Race Read: 2016 Ironman Boulder by Craig Stone

Today’s race read comes from Colorado transplant, Craig Stone. Craig just showed up to the NP5280 tribe shortly after moving from Boston earlier this summer. He is easily identified as the guy who is always wearing spandex and eager to chat about training, racing, and recovering. Craig just completed his first Ironman, and despite not having the seamless race he envisioned, he persevered through the challenges of the day, and became an Ironman with a smile on his face. Great job, Craig!

I don’t usually blog about my races or other athletic endeavors, but this one was too hard to resist. Ironman Boulder was my first official Ironman event after completing a half Ironman last year. Here is my story.

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Photo: Craig Stone

Pre-race

All of my gear was checked in the day before, so all I had to do was show up the morning of the race with my wetsuit and other essential gear. Unfortunately, that included my water bottles for the bike, which I had left on the kitchen counter in the place I was staying at the night before. Whoops! The only bottle I could get at the race was a flimsy 10 oz plastic bottle with screw off cap that “loosely” fit in my bike cage. However, I knew I could manage this since the first aid station was at mile 18, less than an hour into the bike portion of the race.

The line at the swim start was great. We were a sea of over a thousand athletes in wetsuits and caps. We self-seeded ourselves according to expected swim time. I lined up in the 1:30-1:45 hour group, given that I’m a slow swimmer. I was hoping to be on the faster end of that time, but was not sweating it given how long the total race was. Plus, this was the leg that I was most nervous about, given that the longest swim workout that I have done this season was 1 hour, and only a few short open water swims.

The weather was cool, cloudy, and even a bit foggy- perfect start for a long race.

 

 

Swim

When I hit the water and started swimming, my right eye piece in my goggles filled up with water immediately. I tried adjusting and tightening my goggles several times, but nothing worked. I paddled over to one of the volunteers on a paddleboard and asked for her help. She looked and saw that the plastic on the side of the eye piece had melted. I tried tightening them again but it did not work. She said she would try to find another pair of goggles for me, and for me to swim on the inside of the buoys so that she could see me. Result- I swam the entire 2.4 miles WITHOUT GOGGLES. That’s right folks.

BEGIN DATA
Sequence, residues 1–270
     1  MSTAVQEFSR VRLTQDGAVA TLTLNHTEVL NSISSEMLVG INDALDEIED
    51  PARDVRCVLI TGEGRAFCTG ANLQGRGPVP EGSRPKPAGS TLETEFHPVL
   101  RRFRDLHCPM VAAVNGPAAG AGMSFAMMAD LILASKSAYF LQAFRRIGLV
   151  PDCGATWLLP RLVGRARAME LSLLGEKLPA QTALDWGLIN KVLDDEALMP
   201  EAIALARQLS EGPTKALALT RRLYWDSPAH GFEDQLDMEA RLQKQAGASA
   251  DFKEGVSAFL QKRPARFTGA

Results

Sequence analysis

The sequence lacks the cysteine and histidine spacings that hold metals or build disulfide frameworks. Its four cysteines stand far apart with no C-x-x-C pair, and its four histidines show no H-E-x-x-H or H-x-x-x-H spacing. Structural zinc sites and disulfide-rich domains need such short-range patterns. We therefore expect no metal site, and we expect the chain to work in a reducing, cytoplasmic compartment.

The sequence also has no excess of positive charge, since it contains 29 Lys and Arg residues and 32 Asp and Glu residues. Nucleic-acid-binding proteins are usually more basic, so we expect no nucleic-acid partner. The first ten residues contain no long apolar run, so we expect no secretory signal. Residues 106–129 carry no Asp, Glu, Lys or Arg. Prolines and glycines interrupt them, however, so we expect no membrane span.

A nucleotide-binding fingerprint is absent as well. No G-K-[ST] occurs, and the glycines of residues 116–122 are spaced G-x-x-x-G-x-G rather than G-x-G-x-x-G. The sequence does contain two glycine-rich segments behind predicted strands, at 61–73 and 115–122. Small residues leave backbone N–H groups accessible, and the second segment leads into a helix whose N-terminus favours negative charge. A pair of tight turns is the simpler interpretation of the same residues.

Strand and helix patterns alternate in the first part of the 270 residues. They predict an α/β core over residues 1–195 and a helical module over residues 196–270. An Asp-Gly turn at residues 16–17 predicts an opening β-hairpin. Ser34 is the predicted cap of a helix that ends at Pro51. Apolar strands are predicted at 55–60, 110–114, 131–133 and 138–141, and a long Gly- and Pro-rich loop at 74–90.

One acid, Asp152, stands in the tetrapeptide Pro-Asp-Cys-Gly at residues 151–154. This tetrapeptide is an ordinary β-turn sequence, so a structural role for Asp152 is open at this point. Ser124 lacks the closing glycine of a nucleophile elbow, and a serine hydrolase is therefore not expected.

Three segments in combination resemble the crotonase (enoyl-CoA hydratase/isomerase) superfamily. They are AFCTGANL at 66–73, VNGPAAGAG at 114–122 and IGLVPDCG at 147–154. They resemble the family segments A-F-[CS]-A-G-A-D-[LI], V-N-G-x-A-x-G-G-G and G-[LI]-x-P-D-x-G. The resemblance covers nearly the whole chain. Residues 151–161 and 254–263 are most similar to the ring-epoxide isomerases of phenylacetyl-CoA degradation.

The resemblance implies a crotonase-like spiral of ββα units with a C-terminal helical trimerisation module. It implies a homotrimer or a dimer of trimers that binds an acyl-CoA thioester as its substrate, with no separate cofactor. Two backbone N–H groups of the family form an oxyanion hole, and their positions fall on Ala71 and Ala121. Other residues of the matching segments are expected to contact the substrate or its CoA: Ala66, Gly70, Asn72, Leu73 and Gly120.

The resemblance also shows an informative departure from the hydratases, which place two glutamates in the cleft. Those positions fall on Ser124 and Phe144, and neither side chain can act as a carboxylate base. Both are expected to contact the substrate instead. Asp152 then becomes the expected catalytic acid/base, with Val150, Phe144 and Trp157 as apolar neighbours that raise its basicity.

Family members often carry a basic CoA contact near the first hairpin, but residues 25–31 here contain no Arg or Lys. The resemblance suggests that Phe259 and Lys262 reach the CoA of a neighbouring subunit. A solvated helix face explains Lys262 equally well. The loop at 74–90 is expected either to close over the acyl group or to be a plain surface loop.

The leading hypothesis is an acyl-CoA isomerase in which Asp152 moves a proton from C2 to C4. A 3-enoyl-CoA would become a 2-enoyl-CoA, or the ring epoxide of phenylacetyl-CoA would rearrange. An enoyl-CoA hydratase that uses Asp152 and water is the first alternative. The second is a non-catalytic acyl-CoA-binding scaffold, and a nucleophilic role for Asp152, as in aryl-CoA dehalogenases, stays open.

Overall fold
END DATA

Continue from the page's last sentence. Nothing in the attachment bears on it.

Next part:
At first, I just tried keeping my head above water, but this turned out to be quite inefficient and not sustainable if I wanted to swim in under 2 hours. I finally figured out a strategy where I swam in normal position but kept my eyes completely closed, and lifted my head out of the water and opened them every 5 or 6 strokes. It sucked at first with water running into my eyes while sighting, but eventually I made it work. I fell into a rhythm, and things gradually got better- except getting hit by other swimmers, both slower and faster than me. That particularly annoyed me since everyone was supposed to line up according to their projected swim time, something that all distance triathletes should have a good idea of.

When I finally got out of the water, my watch read 1:43. On the slower end of things, but given the whole goggle snafu I was perfectly happy with it. My shoulders were sore since I mainly used my arms for swimming, while my legs felt fresh and ready to go-perfect. I jogged to transition while most of the others around me walked. This was good.

 

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Photo: Craig Stone

 

Bike

On the bike, I spent the first 10 minutes fiddling with my nutrition bag and small water bottle. The bottle fell out of my cage and onto the street after just 2 sips! After shouting a couple of 4-letter words I decided to get on with it and just live for an hour without water.